In some circles, America's welfare reform has already been declared a success. Five years after Congress approved a time limit and work requirements for welfare, the number of people on the rolls has fallen by half, to 6-million, and many former recipients, including single mothers, have found at least part-time employment. But heartening as these facts are, it is premature to assume from them that the 1996 law has been a successful experiment. Five years is a short time for testing a substantively new social policy _ and these particular five years have not been ordinary ones.
A significant question remains: To what extent are these positive outcomes related to the extraordinary economic boom in the late '90s and into 2000? We don't know yet whether the numbers will hold if the current slowdown continues or gets worse.
And a close look reveals something else: A large group of women for whom the transition to work has not been successful even with the help of the boom.
To informed observers, the changes in the rates of welfare and employment from 1996 through 2000 should not be particularly surprising, given strong economic growth, extremely low unemployment rates, increases in the minimum wage and unexpectedly low inflation. The thriving economy has helped poor people happily become more self-sufficient.
A study that we are conducting with several collaborators in low-income neighborhoods in Boston, Chicago and San Antonio has shown that some mothers who have left welfare and worked as security guards, shelf stockers or waitresses have an improved sense of self. However, low-wage employment by itself cannot ensure that all mothers who leave welfare will become self-sufficient. Many have not.
Our ongoing study, which began in 1999, is tracking a random sample of 2,458 families to monitor the consequences of the law. Field workers are closely observing another 235 families.
Three-fourths of the women we spoke to in 1999 who had been off welfare for two years or less had incomes below the federal poverty line. They were meeting basic expenses with government help like food stamps and, if they were working, the earned income tax credit.
The longer they had been off welfare, the less likely they were to have health insurance for themselves or their children, because decreases in the rates of Medicaid coverage were not offset by increases in their private insurance. And many mothers had great difficulties balancing work and child care without health coverage or other elements of the middle-class support system, like an automobile, some savings and paid sick leave.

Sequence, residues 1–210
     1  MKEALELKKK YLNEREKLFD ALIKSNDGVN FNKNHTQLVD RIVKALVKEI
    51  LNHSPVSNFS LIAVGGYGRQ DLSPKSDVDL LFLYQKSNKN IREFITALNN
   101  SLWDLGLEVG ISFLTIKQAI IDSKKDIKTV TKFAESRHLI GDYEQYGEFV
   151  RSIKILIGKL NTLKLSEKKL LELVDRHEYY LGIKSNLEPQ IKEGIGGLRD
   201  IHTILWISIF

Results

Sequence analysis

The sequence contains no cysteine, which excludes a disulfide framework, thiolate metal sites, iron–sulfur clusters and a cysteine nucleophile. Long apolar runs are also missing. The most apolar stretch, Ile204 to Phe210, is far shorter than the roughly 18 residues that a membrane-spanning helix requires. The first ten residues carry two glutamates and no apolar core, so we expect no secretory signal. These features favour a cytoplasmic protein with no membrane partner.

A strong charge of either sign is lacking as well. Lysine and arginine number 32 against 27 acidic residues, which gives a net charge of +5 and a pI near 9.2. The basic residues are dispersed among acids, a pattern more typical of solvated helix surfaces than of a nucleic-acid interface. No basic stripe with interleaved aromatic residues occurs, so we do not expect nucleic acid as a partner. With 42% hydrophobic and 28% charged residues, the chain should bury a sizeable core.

Women with less education, with poorer health, with younger children and who are themselves young have considerably lower incomes and rates of employment after leaving welfare than do women with the opposite circumstances. And among those who had been on welfare for the longest periods, employment rates and incomes are considerably lower than average. Many of these women subsist by relying on money from friends and family, cutting back on necessities and delaying payment of bills.
The welfare reform law expires in 2002. As Congress gets ready to reauthorize it _ or modify it _ members should be giving serious attention to the significant numbers of women who have not fared well after leaving welfare and have been struggling in a booming economy. We have received a lot of information about the good news of welfare reform. Americans need to be aware of its limitations as well. And they must be wary of the potential for bad news, including a sharp increase in joblessness among former welfare recipients, if the economy does indeed turn sour.
William Julius Williams is a professor at Harvard's Kennedy School of Government. Andrew J. Cherlin is a sociology professor at Johns Hopkins University.
New York Times